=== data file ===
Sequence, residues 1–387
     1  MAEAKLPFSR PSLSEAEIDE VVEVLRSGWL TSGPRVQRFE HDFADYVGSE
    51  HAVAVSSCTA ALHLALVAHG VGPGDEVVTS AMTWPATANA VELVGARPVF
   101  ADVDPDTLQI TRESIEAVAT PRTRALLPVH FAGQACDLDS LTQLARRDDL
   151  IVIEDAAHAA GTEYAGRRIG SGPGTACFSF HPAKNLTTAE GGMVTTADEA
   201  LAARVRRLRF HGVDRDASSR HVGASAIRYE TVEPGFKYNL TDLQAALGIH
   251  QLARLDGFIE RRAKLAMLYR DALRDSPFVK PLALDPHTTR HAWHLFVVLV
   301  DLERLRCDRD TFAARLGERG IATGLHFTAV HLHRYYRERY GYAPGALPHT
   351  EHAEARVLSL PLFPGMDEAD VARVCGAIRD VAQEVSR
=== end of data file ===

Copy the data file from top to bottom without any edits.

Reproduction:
Sequence, residues 1–387
     1  MAEAKLPFSR PSLSEAEIDE VVEVLRSGWL TSGPRVQRFE HDFADYVGSE
    51  HAVAVSSCTA ALHLALVAHG VGPGDEVVTS AMTWPATANA VELVGARPVF
   101  ADVDPDTLQI TRESIEAVAT PRTRALLPVH FAGQACDLDS LTQLARRDDL
   151  IVIEDAAHAA GTEYAGRRIG SGPGTACFSF HPAKNLTTAE GGMVTTADEA
   201  LAARVRRLRF HGVDRDASSR HVGASAIRYE TVEPGFKYNL TDLQAALGIH
   251  QLARLDGFIE RRAKLAMLYR DALRDSPFVK PLALDPHTTR HAWHLFVVLV
   301  DLERLRCDRD TFAARLGERG IATGLHFTAV HLHRYYRERY GYAPGALPHT
   351  EHAEARVLSL PLFPGMDEAD VARVCGAIRD VAQEVSR